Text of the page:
Your assumptions are completely wrong, and it only shows that Apple target customers are not really doing any kind of serious computing.

Um, you missed the last line of the post you replied to.


Serious computing? Like gaming?

Last I checked typing text files and compiling them is more serious than most users and doesn't require massive clusters to accomplish.


If Apple gets their way, typing text and compiling it to code and running it on your appliance will become illegal. How often do you run custom code on your other appliances? Exactly. There will simply be no expectation of running custom code on a "computer" once it is turned into an appliance.

Look at iPad. It's more powerful than PCs of the 90s yet no one even expects to run their custom code on it. This is where Macs and OS X are headed to.


It won't even matter by then because the Illuminati will have already started the New World Order and we'll all be in secret FEMA camps.


"Most users never program their computers themselves. Anyone can plainly see the historical trend from the late 80s onward that the average user has no interest in the internals of their computers or in investing time in automation which experts can do for them.

I support Apple 100% in moving forward and removing the option of running, or producing, unreliable homebrewed code without authorization.

Actual programming experts can get a Mac Pro with and their programming license from Apple, or just run Linux on a PC."

Yes, I certainly trust that we won't be seeing posts like the above in the eventuality that Apple puts further restrictions on their (customer's) computers.


I don't think Apple would be so quick to throw away the hacker market like that. Do you think they don't know that their computers are incredibly popular for sysadmins, web developers, and other developers who aren't necessarily writing Cocoa apps?

If I'm wrong I'll eat my hat. AND I'll switch to Linux.


Seriously doubt it, but if that happens most of us will go back to Linux.


Not if Apple starts selling macs with secure boot permanently enabled. Which I wouldn't be very surprised about.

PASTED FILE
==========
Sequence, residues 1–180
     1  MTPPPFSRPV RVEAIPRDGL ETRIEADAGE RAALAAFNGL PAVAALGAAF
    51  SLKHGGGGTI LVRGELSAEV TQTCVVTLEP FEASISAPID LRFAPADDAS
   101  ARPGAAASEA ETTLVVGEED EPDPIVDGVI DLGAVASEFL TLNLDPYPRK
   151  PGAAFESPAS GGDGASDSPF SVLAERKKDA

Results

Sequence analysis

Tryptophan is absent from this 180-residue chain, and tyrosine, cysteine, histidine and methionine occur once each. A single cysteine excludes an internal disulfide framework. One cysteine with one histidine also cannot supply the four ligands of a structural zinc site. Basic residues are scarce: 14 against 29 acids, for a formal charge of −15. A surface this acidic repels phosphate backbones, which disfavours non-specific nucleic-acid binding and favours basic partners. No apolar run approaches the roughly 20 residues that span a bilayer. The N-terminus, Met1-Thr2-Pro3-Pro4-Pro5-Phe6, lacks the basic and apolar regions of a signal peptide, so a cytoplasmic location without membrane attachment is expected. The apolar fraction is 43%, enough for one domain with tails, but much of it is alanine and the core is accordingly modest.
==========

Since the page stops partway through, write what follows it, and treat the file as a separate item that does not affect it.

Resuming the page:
Why would I run any serious computation on a glorified iPad? I have a MacBook Air and it's great for its purpose: a very light, very portable, thin terminal. Running anything that is seriously bounded by CPU or I/O would be silly.


You're not an idiot, you just like Apple and have enough money not to care about getting ripped off.

This design decision has nothing to do with reducing "volume, weight and cost". It has everything to do with hosing the customer on memory, as that has been a very lucrative business on the iPad.


Ripped off is subjective. I want someone else to take care of that stuff for me, so that makes Apple's direction a good one for me. I don't like tinkering with my computer, I don't like fucking around with it to make it do what I need. I do what I do with it and it works, it works better than any of the heap of garbage PCs that I sunk countless hours into before I switched. That's why I use it, and I'm neither an idiot nor ripped off. I get what I expect and more and I'm happy to give them my money for it. Levelling slurs at people who happen to be in their market makes you look like, well, you know.


I didn't level a slur at you, and as I said, I don't think that you're an idiot. Just wealthy.

Before, you had the ability to go to the Apple store or website and have them "take care of" your memory woes at point of purchase. They charge like $500 for an $100 memory stick.

Most people call paying 5x more for a commodity product "a ripoff".


> They charge like $500 for an $100 memory stick.

That's definitely the case historically, but you may want to look at this one case right there: 16GB RAM upgrade on the new MBP is $200. 2x8GB SODIMM at crucial is $150.

I'm not exactly going to shit my pants over a minor $50 (and 30% of the base part) markup when buying a $2200 kit.


    16GB RAM upgrade on the new MBP is $200.
    2x8GB SODIMM at crucial is $150.
Once again, can someone please explain to me why Apple apologists are generally incapable of using a price comparison service that requires maybe 10 seconds to use? Their behavior never ceases to baffle me.

CORSAIR 16GB for MacBook Pro - $89.99

http://www.newegg.com/Product/Product.aspx?Item=N82E16820233...


You're mostly right here, but making things specialized to the extent that Apple is doing here often makes things more expensive. If you go the specialized route instead of using commodity hardware there's going to be a big upfront price. Its possible that reduced packaging could make up for that in some cases, but I'm skeptical. There are also some changes that Apple makes simply to prevent user serviceability, like special Apple only screws, that don't help with weight and only serve to increase the price.